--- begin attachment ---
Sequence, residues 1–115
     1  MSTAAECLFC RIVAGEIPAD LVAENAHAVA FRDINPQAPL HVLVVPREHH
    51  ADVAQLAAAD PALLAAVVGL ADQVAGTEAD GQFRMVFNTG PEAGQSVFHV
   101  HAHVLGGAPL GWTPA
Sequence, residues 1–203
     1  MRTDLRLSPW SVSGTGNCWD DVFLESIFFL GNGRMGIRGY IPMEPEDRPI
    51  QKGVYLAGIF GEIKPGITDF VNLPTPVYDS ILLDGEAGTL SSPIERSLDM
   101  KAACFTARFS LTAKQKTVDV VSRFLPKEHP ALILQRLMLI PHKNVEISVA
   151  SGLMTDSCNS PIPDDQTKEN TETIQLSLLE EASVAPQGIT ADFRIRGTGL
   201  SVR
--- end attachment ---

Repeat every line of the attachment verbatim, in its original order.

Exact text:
Sequence, residues 1–115
     1  MSTAAECLFC RIVAGEIPAD LVAENAHAVA FRDINPQAPL HVLVVPREHH
    51  ADVAQLAAAD PALLAAVVGL ADQVAGTEAD GQFRMVFNTG PEAGQSVFHV
   101  HAHVLGGAPL GWTPA
Sequence, residues 1–203
     1  MRTDLRLSPW SVSGTGNCWD DVFLESIFFL GNGRMGIRGY IPMEPEDRPI
    51  QKGVYLAGIF GEIKPGITDF VNLPTPVYDS ILLDGEAGTL SSPIERSLDM
   101  KAACFTARFS LTAKQKTVDV VSRFLPKEHP ALILQRLMLI PHKNVEISVA
   151  SGLMTDSCNS PIPDDQTKEN TETIQLSLLE EASVAPQGIT ADFRIRGTGL
   201  SVR